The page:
ScotiaBank suffers $243M in loan loss expenses last year

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… slashes non-performing loans by 50 %

ScotiaBank Guyana has managed to cut its losses from loans, including bad loans by almost half when comparisons are made between last year and 2015’s figures. This is according to the Canadian based institution’s condensed Financial Statements for the period up to October 2016.

The statements have to be published on a quarterly basis as stipulated by the Bank of Guyana’s supervision guideline No 10, which deals with Public Disclosure of Information. While ScotiaBank suffered a loan loss expense of $446.9M in 2015, that figure totaled $243.7M for last year.

The loan loss expense field covers the cost the bank attracts when loans are non-performing. It is normally associated with customers defaulting on loans or renegotiated loans that may translate to lower yields.

Collectively, the Bank’s net income for the year 2016 amounted to $2.4B. This is also a positive indicator for ScotiaBank, as their net income for 2015 was $2.1B. Tax expenses cost the bank over $1.7B for 2016, compared to $1.5B the previous year.

In addition to loan loss, the bank’s expenses included money which went to salaries and benefits, premises and technology, communication and marketing campaigns, as well as other unspecified expenses. This amounted to $3.1B, an increase compared to 2015’s $3B figure.

Last year, the International Monetary Fund (IMF) had issued a warning to the Guyana Government. Among its concerns had been non-performing loans.

According to the IMF, there was need for heightened vigilance due to increases in non-performing loans. Welcoming the changes to credit reporting legislation, they had encouraged the authorities to continue to strengthen the financial sector’s supervision.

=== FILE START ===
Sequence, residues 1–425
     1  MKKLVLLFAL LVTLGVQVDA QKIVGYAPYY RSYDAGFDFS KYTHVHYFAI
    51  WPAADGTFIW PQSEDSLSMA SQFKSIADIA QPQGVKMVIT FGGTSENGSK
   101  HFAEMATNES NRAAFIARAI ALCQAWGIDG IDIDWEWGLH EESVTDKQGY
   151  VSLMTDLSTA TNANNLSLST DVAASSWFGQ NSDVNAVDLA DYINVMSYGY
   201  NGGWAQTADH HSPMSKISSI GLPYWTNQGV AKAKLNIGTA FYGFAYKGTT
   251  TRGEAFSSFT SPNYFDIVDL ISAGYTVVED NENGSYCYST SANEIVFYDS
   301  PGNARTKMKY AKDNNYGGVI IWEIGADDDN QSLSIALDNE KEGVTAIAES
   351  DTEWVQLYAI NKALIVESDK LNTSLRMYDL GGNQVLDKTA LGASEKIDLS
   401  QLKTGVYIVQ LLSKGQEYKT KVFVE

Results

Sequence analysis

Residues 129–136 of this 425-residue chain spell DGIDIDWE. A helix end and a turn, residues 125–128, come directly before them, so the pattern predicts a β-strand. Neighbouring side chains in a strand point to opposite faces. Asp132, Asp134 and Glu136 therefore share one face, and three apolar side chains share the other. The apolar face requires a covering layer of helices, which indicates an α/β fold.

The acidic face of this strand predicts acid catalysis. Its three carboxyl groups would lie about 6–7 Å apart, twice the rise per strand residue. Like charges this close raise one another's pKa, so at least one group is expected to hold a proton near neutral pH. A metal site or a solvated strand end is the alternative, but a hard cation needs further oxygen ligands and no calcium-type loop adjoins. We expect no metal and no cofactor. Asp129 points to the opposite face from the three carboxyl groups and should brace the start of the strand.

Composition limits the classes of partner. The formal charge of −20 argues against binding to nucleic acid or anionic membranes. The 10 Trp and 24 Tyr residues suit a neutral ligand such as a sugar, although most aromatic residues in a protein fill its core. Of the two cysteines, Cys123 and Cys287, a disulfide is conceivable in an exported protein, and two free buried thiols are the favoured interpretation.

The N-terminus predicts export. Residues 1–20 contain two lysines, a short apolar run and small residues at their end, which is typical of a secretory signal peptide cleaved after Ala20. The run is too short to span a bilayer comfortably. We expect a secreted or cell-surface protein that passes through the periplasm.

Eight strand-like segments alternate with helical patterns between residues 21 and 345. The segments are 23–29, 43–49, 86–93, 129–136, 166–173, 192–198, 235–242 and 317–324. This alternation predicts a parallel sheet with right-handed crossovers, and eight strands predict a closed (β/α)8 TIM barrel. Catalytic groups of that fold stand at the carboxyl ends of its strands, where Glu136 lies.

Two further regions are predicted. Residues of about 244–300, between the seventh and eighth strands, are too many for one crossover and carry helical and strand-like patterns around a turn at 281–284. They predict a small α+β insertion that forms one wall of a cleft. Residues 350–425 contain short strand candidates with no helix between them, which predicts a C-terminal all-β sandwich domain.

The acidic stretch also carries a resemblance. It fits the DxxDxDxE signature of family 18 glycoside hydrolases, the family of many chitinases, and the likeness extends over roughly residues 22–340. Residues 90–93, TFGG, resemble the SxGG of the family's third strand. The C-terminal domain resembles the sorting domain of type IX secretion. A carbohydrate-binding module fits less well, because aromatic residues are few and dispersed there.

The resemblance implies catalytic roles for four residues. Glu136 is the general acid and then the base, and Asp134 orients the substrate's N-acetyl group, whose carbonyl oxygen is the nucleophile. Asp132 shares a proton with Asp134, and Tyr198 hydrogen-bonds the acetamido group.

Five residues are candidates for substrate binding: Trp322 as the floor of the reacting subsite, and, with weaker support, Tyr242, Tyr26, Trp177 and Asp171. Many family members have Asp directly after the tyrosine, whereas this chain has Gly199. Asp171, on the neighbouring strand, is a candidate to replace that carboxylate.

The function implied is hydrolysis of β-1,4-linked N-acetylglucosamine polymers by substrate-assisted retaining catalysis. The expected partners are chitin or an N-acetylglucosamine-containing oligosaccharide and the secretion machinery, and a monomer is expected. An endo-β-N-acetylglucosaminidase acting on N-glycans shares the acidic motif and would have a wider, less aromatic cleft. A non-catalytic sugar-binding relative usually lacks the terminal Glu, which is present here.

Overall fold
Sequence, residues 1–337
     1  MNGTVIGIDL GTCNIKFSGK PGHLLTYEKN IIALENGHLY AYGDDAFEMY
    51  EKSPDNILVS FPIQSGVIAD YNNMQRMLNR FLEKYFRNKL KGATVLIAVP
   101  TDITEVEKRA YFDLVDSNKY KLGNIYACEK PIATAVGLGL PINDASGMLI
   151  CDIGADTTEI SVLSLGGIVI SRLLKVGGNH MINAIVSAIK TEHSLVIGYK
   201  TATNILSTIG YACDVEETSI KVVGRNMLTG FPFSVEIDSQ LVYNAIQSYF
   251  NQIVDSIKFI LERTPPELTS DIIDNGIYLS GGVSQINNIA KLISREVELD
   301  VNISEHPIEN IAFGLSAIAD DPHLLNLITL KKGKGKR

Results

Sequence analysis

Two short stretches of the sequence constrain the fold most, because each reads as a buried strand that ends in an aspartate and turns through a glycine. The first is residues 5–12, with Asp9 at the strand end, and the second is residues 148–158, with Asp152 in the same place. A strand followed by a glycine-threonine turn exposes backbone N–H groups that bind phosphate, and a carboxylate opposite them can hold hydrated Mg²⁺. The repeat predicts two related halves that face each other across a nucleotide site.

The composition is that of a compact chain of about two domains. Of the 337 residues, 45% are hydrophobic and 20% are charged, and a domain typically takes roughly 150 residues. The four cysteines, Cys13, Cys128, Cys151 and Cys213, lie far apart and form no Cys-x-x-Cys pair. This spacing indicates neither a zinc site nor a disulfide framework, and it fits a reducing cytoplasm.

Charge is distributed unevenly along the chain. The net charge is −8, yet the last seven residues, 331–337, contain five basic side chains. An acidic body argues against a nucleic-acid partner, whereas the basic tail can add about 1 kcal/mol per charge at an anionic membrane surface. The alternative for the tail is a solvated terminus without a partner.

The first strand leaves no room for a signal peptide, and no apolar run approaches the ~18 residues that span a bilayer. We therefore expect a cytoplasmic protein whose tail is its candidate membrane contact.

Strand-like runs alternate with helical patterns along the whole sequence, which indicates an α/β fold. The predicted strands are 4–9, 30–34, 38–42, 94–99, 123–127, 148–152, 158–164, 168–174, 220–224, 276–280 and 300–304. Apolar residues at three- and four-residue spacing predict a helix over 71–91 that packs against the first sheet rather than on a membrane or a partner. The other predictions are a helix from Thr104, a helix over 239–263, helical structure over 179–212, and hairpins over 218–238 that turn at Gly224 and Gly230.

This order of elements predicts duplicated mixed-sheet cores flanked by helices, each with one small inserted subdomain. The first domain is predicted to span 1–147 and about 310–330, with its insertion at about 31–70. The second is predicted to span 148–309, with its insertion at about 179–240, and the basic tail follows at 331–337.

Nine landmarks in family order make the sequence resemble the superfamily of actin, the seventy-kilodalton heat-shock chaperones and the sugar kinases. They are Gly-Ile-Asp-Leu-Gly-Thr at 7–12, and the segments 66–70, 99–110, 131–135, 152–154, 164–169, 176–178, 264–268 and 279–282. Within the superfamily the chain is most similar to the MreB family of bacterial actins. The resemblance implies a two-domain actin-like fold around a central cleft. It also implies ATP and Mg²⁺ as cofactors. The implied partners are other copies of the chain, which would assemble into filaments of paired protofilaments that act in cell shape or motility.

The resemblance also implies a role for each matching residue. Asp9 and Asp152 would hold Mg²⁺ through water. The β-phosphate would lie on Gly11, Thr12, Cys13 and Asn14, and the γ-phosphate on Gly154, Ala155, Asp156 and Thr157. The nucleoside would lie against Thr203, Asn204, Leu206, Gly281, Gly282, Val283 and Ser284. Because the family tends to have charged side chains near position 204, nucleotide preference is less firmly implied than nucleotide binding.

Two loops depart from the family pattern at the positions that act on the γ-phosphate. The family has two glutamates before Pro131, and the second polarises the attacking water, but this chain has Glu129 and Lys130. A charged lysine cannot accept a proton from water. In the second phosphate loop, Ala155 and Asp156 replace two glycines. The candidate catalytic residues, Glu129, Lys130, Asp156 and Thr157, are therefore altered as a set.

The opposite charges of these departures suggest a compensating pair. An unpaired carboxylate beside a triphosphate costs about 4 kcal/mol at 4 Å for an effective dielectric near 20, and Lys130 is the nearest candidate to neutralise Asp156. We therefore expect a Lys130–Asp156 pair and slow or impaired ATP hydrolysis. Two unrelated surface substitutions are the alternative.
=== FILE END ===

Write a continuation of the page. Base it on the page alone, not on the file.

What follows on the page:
It had also suggested tightening provisioning requirements, large exposure limits, restrictions on certain lending policies and loan classification rules.

Bank of Guyana Governor Dr Gobind Ganga had told media operatives at a press conference, following the warning that the elevated level of non-performing loans, comparable to the levels in the Caribbean, was due largely to the decline in non-oil commodity prices and reclassification of exposes by a few banks.

Dr Ganga had stated that non-performing loans represented about 11.3 per cent of the industry’s total credit portfolio, which was about 1.3 per cent above the end-December 2015 level. He estimated some $28 billion in non-performing loans.

Moreover, the BoG Head pointed out that these non-performing loans are usually fully collateralized with safeguards set up by banks. Nevertheless, he noted that this issue is among top priority of the bank.

“Non-performing loans remain the focus of intense scrutiny by the Bank of Guyana as we continue to monitor and encourage financial institutions to implement measures to reduce this level of non-performing loans.”

 

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